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Sahara Dust

The morning of the plume’s arrival, low clouds hid the sun and an umber haze rolled in like a slowly breaking wave. The sky and sea turned a light russet shade, and an evening light blanketed Belize for hours.

By Tony RathPublished 3 years ago 4 min read

Supported ByUntamed Photographer


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Story Behind the Photograph: Sahara Dust

Living on the coast of Belize I am normally surrounded by the most crisp, fresh air you can find anywhere in the tropics. The Northeast Tradewinds, which blow 80% of the year, caress 2000 miles of the Atlantic Ocean before encountering the tiny Caribbean Windward Islands, and then unimpeded, another 2000 miles across the clear, warm Caribbean Sea to Belize. From my front porch the air is often so clear I can discern individual trees on offshore islands 12 miles out to sea.

That is why I took a keen interest in an unusually large dust cloud that left Africa in mid-June of 2020. Dust plumes, known as the Saharan Air Layer, commonly form on the west coast of the African continent every three to five days from late spring through early fall and move into the tropical Atlantic Ocean. Most dissipate with a few weeks, but this one was different. I keenly watched this large plume, easily visible by satellite, as it headed across the Atlantic and entered the Caribbean Sea a week later.

The morning of the plume’s arrival, low clouds hid the sun and an umber haze rolled in like a slowly breaking wave. The sky and sea turned a light russet shade, and an evening light blanketed Belize for hours.

The darkness and gloom belied the significance of the Saharan dust cloud. This mineral laden plume deposits much needed nutrients that foster the health of our rainforests and feed aquatic life over much of the Northern Atlantic Ocean.

The dust cloud also weakens tropical cyclones or tropical disturbances due to its extreme dryness. Since dusty air has about 50% less moisture than the typical moisture laden Tradewinds, it promotes downdrafts around storms that weaken them, potentially suppressing dangerous hurricanes.

I spent the day with my finger on the shutter release, watching and photographing the effects of the dust cloud as a copper light waxed and waned. By the following morning, the Northeast Tradewinds had swept the dust away. I could again see trees on the islands far at sea. The normal clear, fresh air had returned.

About Untamed Photographer

Untamed Photographer is an online art gallery that brings together wildlife photography and stories from a range of international environmental artists, both emerging and established.

Structured as an online marketplace, Untamed Photographer offers a selection of handpicked, limited-edition works of art, alongside the photographers’ compelling stories of what occurred in the wild to get the shot. The exclusive limited-edition pieces are printed in Miami and come with an artist-signed certificate of authenticity from their respective worldwide locations.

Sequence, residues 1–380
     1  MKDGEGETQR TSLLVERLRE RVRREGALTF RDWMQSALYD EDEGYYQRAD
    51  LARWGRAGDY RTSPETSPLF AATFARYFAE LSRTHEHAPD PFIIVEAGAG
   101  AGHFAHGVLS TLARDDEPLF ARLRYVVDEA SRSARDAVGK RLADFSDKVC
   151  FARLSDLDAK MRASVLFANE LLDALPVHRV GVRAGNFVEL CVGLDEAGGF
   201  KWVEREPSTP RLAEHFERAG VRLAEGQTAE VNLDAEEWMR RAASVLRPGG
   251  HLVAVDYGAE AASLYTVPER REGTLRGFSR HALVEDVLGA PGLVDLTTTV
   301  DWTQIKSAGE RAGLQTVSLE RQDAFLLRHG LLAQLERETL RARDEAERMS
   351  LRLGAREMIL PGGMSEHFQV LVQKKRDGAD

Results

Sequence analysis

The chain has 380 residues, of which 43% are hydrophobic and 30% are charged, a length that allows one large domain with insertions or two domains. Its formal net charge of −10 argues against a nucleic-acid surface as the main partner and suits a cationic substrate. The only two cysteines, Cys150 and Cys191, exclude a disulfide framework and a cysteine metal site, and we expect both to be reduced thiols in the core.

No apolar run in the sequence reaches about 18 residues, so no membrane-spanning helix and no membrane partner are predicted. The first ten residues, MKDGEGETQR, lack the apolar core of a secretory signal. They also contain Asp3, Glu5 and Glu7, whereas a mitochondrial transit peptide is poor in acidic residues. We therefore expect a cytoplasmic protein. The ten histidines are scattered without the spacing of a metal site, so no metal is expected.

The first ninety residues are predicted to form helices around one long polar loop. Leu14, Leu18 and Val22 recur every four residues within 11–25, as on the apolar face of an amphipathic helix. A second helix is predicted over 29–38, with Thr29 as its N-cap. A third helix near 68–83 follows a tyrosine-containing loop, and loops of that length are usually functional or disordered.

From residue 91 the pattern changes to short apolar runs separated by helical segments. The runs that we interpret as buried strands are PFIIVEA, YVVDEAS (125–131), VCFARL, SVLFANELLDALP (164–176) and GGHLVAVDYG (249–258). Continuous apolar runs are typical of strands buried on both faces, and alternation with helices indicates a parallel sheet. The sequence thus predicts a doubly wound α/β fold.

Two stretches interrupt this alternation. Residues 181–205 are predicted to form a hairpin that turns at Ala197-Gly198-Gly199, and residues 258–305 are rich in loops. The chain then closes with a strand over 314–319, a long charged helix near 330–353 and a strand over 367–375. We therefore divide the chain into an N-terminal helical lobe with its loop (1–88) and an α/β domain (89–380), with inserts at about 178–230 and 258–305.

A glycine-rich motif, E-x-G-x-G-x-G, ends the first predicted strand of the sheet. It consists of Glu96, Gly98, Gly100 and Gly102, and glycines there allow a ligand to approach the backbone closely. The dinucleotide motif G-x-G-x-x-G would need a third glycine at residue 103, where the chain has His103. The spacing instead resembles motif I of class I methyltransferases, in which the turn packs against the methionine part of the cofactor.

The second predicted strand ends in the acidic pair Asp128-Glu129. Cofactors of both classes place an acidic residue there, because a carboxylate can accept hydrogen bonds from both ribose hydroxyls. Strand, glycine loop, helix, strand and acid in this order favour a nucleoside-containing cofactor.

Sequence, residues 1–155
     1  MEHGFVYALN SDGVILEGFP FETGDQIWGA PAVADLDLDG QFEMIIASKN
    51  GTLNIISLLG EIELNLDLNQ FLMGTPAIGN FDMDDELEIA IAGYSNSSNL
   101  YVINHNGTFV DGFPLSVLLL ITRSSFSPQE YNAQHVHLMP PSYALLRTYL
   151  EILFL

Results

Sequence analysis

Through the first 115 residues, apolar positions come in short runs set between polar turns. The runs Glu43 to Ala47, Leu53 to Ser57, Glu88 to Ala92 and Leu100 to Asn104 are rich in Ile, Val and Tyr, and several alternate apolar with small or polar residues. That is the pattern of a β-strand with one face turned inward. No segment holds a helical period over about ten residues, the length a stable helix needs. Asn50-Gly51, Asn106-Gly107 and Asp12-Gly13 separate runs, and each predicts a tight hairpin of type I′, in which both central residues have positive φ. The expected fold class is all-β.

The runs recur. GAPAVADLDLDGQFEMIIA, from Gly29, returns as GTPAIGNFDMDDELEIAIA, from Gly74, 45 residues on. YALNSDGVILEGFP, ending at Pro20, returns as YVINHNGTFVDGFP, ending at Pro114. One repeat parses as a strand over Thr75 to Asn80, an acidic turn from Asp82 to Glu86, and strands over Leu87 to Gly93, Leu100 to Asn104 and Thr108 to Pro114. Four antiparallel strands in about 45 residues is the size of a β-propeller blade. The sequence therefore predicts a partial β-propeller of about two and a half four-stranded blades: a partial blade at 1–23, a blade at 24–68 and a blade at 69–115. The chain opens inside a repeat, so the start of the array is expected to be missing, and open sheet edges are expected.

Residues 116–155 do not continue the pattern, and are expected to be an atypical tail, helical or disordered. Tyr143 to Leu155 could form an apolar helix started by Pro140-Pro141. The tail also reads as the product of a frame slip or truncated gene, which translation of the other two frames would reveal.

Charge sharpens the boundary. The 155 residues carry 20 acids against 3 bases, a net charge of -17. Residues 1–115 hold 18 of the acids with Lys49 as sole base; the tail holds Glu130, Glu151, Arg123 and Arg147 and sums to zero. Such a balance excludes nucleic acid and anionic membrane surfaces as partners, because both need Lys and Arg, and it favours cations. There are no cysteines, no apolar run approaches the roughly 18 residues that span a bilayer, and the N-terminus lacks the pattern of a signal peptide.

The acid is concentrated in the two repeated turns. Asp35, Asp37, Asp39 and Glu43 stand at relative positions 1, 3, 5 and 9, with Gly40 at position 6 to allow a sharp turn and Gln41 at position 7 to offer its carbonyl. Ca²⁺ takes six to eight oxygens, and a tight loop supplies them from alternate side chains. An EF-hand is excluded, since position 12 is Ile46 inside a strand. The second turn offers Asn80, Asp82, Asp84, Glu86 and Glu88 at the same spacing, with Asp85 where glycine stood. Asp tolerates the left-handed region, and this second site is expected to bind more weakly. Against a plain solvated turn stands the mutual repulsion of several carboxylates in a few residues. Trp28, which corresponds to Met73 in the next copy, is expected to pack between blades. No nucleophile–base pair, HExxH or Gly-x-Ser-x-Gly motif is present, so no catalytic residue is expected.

The Nature Trust of the Americas (NTOTA) was founded with the mission to give back. While building awareness for NTOTA’s causes, the founders met talented nature photographers who are passionate not only about photography, but also about saving the planet. Their life’s work and stories are inspiring, and their art, passion and stories deserve to be shared on a platform that benefits the environmental causes they are dedicated to.

Just as the photographers preserve the beauty of the planet in their art, Untamed Photographer is dedicated to preserving the planet for the future. All profits from photographs go to Untamed Photographer's two pillars: the artists and causes that protect the environment, ecosystems, and wildlife.

About the Photographer: Tony Rath

Tony Rath is a writer, photojournalist and commercial photographer based along the Caribbean Sea in the picturesque village of Dangriga, Belize.

Tony attended the United States Air Force Academy, where he flew gliders above the Rocky Mountains and trained with Navy SEALS in San Diego. After leaving the military he studied toward a marine biology degree, working as a technician, diver, and underwater photographer for Scripps Institution of Oceanography and the Smithsonian Institution’s Marine Research Station in Belize.

At age 23, Tony took early retirement and for 7 years sailed as either first mate or captain across the Atlantic (twice), Mediterranean, North Sea and the Caribbean. While sailing, he visited over 35 countries, more than 250 ports of call, and sailed over 30,000 miles. Throughout his adventures, Tony always carried a camera, turning professional in the mid-1990s.

Tony's photography is on display at the Smithsonian Institution in Washington, D.C. and featured in the Minnesota Science Museum’s award-winning traveling Maya exhibit. His images have been published in hundreds of magazines and books, such as BBC Wildlife, National Geographic Traveler, Islands, and Smithsonian Magazine. Tony's clients include the United Nations, Government of Belize, and many international environmental NGOs.

Living in Belize since 1988, he documents the natural environment and cultures of his adopted country, above and below water. He has published two photo books on Belize.

Tony volunteers his skills and imagery to countless educational and NGOs to promote culture and conservation. In 2015 he presented one of the first TEDx Talks in Belize.

While known for his natural history imagery, he also covers lifestyle, travel, portraits and culture throughout Belize and neighboring countries.


About the Creator

Tony Rath

Tony Rath is a writer photojournalist based along the shore of the Caribbean Sea in the picturesque town of Dangriga, Belize.

Facebook: BelizePhotography

Twitter: trphoto

Instagram: tonyrath

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